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September 9, 2019
Over time it has become increasingly clear that climate change is taking a toll on our planet — but what about our mental health? To start, more people than ever believe that climate change is an issue to be concerned about. According to a 2018 “survey administered by Yale, about six in ten Americans (62%) say they are at least “somewhat worried” about global warming and about one in five (21%) are “very worried” about it, nearly double the number who were “very worried” in a similar study conducted in 2015. “Today’s generation is experiencing more mental health issues than ever – some of it is attributed to uncertainty about the future of the earth.
Not only does climate change impacts people’s mental health in acute ways, but chronically, too. For example, in a report by the “American Psychological Association about climate change and mental health, researchers identified a list of more than ten psychological consequences due to climate change. This list includes “PTSD, “depression, “anxiety, and helplessness. There are even new terms cropping up such as “solastalgia,” “climate grief,” and “ecoanxiety” to help describe how people are uniquely experiencing the mental health impact of climate change.
An overall sense of powerlessness seems to be a driving force to the feelings of despair people have been experiencing when they consider climate change. As Rachel O’Neill, Ph.D. LPCC-S, and Ohio-based Talkspace therapist shared, “It seems like each day, we hear about a new and disturbing trend related to climate change.” She adds, “From that, we can often feel a sense of fear and, with that fear, often comes a feeling of powerlessness.”
Feeling powerless is a difficult emotional place to be, which is why O’Neill focuses on helping her clients take their power back. While you may not be able to get rid of your fear and anxiety entirely, there are ways you can use these to fuel positive changes at home, at work, and in your community. Among countless ways you can get involved, O’Neill suggests introducing more environmentally friendly practices into your own life, talking to friends about ways they can be more environmentally conscious in their life, and perhaps getting involved in your community or running for political office.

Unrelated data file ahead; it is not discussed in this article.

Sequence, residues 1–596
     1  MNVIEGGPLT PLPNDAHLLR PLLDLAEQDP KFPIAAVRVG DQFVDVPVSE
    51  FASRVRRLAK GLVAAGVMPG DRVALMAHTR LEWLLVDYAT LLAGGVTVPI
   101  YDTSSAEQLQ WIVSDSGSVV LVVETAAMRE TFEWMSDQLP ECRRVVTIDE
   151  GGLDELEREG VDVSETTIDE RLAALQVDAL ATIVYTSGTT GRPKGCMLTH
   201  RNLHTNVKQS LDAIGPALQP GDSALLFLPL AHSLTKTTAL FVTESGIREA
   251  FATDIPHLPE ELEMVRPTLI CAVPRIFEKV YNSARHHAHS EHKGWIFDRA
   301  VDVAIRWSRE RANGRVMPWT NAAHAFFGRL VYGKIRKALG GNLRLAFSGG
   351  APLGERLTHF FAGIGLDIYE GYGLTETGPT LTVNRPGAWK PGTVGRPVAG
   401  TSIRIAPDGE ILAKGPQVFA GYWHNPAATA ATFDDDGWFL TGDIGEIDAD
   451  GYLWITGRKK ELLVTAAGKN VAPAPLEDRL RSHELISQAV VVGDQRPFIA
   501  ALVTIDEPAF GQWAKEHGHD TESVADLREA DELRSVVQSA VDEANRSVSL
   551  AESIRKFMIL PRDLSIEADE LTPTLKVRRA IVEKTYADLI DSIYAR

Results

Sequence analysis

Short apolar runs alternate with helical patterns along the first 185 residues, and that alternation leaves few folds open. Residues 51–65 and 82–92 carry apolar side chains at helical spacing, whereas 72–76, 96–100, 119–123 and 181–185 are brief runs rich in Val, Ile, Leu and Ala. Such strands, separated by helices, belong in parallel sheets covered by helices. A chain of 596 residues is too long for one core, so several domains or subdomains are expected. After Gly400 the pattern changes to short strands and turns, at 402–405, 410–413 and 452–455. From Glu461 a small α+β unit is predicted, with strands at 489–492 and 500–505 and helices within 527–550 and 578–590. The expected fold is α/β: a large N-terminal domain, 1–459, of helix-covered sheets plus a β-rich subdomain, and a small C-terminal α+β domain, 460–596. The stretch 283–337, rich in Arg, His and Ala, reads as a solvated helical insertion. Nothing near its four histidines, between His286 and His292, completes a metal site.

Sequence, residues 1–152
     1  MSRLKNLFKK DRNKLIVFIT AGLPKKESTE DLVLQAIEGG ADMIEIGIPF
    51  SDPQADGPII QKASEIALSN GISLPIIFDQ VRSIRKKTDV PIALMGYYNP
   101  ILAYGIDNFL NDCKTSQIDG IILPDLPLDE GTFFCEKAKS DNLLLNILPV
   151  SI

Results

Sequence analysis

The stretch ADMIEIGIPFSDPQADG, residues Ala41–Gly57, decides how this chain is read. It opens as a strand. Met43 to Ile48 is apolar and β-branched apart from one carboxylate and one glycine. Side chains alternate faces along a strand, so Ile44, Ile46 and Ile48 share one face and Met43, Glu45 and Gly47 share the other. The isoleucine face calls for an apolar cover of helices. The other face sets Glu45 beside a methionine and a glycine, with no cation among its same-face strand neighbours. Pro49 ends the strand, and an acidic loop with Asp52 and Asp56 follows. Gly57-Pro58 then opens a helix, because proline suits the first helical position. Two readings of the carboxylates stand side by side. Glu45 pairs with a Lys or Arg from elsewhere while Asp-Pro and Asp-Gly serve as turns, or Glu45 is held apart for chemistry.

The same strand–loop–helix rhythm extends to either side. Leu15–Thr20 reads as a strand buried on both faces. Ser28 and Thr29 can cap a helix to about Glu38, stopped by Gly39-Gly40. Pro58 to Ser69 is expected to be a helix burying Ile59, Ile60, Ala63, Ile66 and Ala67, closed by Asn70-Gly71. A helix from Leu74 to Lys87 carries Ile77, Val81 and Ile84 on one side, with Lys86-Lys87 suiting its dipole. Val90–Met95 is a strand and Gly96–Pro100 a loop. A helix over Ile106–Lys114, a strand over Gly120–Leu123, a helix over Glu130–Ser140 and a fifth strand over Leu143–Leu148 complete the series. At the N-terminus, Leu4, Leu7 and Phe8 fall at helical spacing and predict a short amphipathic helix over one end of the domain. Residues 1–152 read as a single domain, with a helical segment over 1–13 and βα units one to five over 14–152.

The sheer magnitude of climate change can be overwhelming. Jill Daino, LCSW, and Talkspace therapist, finds that stress about climate change is particularly challenging because much of it is truly out of any one person’s control. She warns that given the magnitude of the problem, people may get so overwhelmed that they become apathetic and think there is no solution at all.
How can you stay involved without getting overwhelmed? “As with any large task, breaking it down into manageable pieces is the key to success,” said Daino. “So while a client may want to heal the world, the goal is to help them find ways to get involved that feel satisfying, even in the face of limits.”
O’Neill focuses on helping her clients avoid catastrophizing, or focusing exclusively on the negative. “Yes, some of the research about climate change is alarming. And yes, there are legitimate reasons to be concerned,” she said. “At the same time, there’s a dedicated group of researchers actively working to find solutions for some of these imminent concerns.” When possible, O’Neill suggests trying to shift your focus from the doom and gloom perspective of the future to the potential benefits of increased attention on environmental concerns.
“Self-care is a vital component to fighting any cause, especially one as massive as climate change. This is one of the reasons why Daimo encourages her clients to consciously take breaks. “It can be tempting to read every new report that comes out or to go down the seemingly endless rabbit hole of terrifying news stories about climate change,” she said. To help create boundaries for yourself, Daimo suggests setting a time limit, such as 30 minutes, for how much news you’ll read in one day and then switching gears to something else once the time is up.
There are also programs popping up at places like the “Good Grief Network that help people cope with feelings of depression, anxiety, and grief over the state of the climate. Taking advantage of these types of resources will inevitably help you to weather this difficult time with like-minded friends and a supportive network.
From forest fires and record-high temperatures to deadly hurricanes and landslides, we can no longer ignore the fact that the fate of the planet is in jeopardy. As scary as it may seem, it is important to remember that you are only one person. Do what you can to get involved and spread the word, but don’t forget to take care of yourself in the process.
This article was originally published on Talkspace